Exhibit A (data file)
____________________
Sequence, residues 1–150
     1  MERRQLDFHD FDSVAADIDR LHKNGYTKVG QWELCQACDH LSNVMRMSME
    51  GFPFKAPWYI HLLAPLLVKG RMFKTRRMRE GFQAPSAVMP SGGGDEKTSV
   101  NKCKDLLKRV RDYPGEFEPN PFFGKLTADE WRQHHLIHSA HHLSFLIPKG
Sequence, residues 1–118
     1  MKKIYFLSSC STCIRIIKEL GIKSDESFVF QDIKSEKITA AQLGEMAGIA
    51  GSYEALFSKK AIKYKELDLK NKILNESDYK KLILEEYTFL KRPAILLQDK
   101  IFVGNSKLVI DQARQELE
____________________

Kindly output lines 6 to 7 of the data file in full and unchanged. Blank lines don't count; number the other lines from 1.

     1  MKKIYFLSSC STCIRIIKEL GIKSDESFVF QDIKSEKITA AQLGEMAGIA
    51  GSYEALFSKK AIKYKELDLK NKILNESDYK KLILEEYTFL KRPAILLQDK